p2: . . .

R2 = x;

R2 = R2 + 1;

x = R2;

. . .

example4

R1 = 0

R1 = 1

R2 = 0

x = 1

R2 = 1

x = 1

Example

p1: . . .

R1 = x;

R1 = R1 + 1;

x = R1;

. . .

p2: . . .

R2 = x;

R2 = R2 + 1;

x = R2;

. . .

the critical section cs
The Critical Section (CS)
  • Any section of code involved in reading and writing a share data area is called a critical section.
  • Mutual Exclusion At most one process is allowed to enter critical section.
the critical problem

cobegin

  • p1: while(1) {CS1; program1;}
  • //
  • p2: while(1) {CS2; program2;}
  • //
  • ...
  • //
  • pn: while(1) {CSn; programn;}
  • coend
The Critical Problem
  • Guarantee mutual exclusion: At any time, at most one process executing within its CSi.
the critical problem1
The Critical Problem
  • Guarantee mutual exclusion: At any time, at most one process executing within its CSi.
  • In addition, we need to preventmutual blocking:
    • Process outside of its CS must not prevent other processes from entering its CS. (No “dog in manger”)
    • Process must not be able to repeatedly reenter its CS and starve other processes (fairness)
    • Processes must not block each other forever (deadlock)
    • Processes must not repeatedly yield to each other (“after you”--“after you” livelock)
software solutions
Software Solutions
  • Solve the problem without taking advantage of special machine instructions and other hardware.
algorithm 1
Algorithm 1
  • int turn = 1;
  • cobegin
  • p1: while (1) {
  • while (turn==2); /*wait*/
  • CS1;
  • turn = 2;
  • program1;
  • }
  • //
  • p2: while (1) {
  • while (turn==1); /*wait*/
  • CS2;
  • turn = 1;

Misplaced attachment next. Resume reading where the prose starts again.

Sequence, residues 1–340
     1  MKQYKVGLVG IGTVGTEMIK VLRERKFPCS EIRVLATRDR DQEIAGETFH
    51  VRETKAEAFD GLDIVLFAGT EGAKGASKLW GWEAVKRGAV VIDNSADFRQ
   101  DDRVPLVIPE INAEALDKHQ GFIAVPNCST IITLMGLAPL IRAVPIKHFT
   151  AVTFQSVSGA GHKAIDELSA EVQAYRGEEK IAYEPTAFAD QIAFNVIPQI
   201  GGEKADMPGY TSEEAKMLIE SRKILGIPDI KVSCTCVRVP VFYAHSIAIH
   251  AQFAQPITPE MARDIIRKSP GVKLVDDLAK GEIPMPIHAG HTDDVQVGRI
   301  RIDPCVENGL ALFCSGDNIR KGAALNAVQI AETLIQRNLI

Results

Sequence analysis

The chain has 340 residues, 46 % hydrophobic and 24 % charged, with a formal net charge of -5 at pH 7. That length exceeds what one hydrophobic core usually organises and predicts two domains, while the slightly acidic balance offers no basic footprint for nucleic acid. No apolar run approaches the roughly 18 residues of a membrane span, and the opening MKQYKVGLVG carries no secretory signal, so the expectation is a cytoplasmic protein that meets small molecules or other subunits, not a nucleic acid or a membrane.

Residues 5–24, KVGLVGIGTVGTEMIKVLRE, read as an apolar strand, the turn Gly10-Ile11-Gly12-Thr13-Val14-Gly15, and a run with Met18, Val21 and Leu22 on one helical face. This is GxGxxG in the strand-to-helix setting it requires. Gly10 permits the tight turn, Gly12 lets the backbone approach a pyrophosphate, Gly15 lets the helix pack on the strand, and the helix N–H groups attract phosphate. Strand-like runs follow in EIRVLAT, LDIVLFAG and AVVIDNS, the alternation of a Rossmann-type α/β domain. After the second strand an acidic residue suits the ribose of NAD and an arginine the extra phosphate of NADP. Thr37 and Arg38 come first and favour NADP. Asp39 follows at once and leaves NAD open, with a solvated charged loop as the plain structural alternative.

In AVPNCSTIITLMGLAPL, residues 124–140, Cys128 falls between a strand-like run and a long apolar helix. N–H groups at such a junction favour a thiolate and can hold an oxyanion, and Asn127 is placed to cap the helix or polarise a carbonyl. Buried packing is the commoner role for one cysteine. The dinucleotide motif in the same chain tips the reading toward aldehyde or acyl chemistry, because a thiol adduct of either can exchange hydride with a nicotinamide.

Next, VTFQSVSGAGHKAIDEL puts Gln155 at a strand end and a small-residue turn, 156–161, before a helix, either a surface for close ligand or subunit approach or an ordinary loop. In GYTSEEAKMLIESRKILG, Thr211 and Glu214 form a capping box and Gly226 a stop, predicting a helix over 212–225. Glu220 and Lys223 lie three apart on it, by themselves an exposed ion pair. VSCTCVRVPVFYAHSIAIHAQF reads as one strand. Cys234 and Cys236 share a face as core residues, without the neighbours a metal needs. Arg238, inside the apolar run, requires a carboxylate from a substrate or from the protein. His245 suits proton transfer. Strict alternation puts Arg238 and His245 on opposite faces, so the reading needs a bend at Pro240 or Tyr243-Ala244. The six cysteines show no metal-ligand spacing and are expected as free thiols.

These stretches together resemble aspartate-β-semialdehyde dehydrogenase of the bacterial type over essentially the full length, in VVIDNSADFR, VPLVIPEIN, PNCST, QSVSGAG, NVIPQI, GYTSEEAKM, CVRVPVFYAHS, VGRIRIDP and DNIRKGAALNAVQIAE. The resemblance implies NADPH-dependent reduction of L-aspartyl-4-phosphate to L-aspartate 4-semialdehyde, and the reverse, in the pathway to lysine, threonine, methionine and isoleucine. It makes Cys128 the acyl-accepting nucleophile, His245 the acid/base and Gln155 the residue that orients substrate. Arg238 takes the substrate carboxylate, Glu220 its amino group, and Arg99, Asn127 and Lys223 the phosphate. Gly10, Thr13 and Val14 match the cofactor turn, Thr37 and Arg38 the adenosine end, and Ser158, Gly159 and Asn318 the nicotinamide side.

• program2;
  • }
  • coend
algorithm 11
Algorithm 1
  • int turn = 1;
  • cobegin
  • p1: while (1) {
  • while (turn==2); /*wait*/
  • CS1;
  • turn = 2;
  • program1;
  • }
  • //
  • p2: while (1) {
  • while (turn==1); /*wait*/
  • CS2;
  • turn = 1;
  • program2;
  • }
  • coend

  • Mutual Exclusion
  • No mutual blocking
    • No dog in manger
    • Fairness
    • No deadlock
    • No livelock

What happens if p1 fail?

algorithm 2
Algorithm 2
  • int c1 = 0, c2 = 0;
  • cobegin
  • p1: while (1) {
  • c1 = 1;
  • while (c2); /*wait*/
  • CS1;
  • c1 = 0;
  • program1;
  • }
  • //
  • p2: while (1) {
  • c2 = 1;
  • while (c1); /*wait*/
  • CS2;
  • c2 = 0;
  • program2;
  • }
  • coend
algorithm 21
Algorithm 2
  • int c1 = 0, c2 = 0;
  • cobegin
  • p1: while (1) {
  • c1 = 1;
  • while (c2); /*wait*/
  • CS1;
  • c1 = 0;
  • program1;
  • }
  • //
  • p2: while (1) {
  • c2 = 1;
  • while (c1); /*wait*/
  • CS2;
  • c2 = 0;
  • program2;
  • }
  • coend

  • Mutual Exclusion
  • No mutual blocking
    • No dog in manger
    • Fairness
    • No deadlock
    • No livelock

What happens if

c1=1 and c2=1?

algorithm 3
Algorithm 3
  • int c1 = 0, c2 = 0;
  • cobegin
  • p1: while (1) {
  • c1 = 1;
  • if (c2) c1=0;
  • else{
  • CS1;
  • c1 = 0;
  • program1;
  • }
  • }
  • //
  • p2: while (1) {
  • c2 = 1;
  • if (c1) c2=0;
  • else{
  • CS2;
  • c2 = 0;
  • program2;
  • }
  • }
  • coend
algorithm 31
Algorithm 3
  • int c1 = 0, c2 = 0;
  • cobegin
  • p1: while (1) {
  • c1 = 1;
  • if (c2) c1=0;
  • else{
  • CS1;
  • c1 = 0;
  • program1;
  • }
  • }
  • //
  • p2: while (1) {
  • c2 = 1;
  • if (c1) c2=0;
  • else{
  • CS2;
  • c2 = 0;
  • program2;
  • }
  • }
  • coend

  • Mutual Exclusion
  • No mutual blocking
    • No dog in manger
    • Fairness
    • No deadlock
    • No livelock

When timing is critical, fairness and livelock requirements may be violated.

algorithm 32
Algorithm 3
  • p1: while (1) {
  • c1 = 1;
  • if (c2) c1=0;
  • else{
  • CS1;
  • c1 = 0;
  • program1;
  • }
  • }
  • p2: while (1) {
  • c2 = 1;
  • if (c1) c2=0;
  • else{
  • CS2;
  • c2 = 0;
  • program2;
  • }
  • }

May violate the fairness requirement.

algorithm 33
Algorithm 3
  • p1: while (1) {
  • c1 = 1;
  • if (c2) c1=0;
  • else{
  • CS1;
  • c1 = 0;
  • program1;
  • }
  • }
  • p2: while (1) {
  • c2 = 1;
  • if (c1) c2=0;
  • else{
  • CS2;
  • c2 = 0;
  • program2;
  • }
  • }

May violate the livelock requirement.

algorithm 4 peterson
Algorithm 4(Peterson)
  • int c1 = 0, c2 = 0, WillWait;
  • cobegin
  • p1: while (1) {
  • c1 = 1;
  • willWait = 1;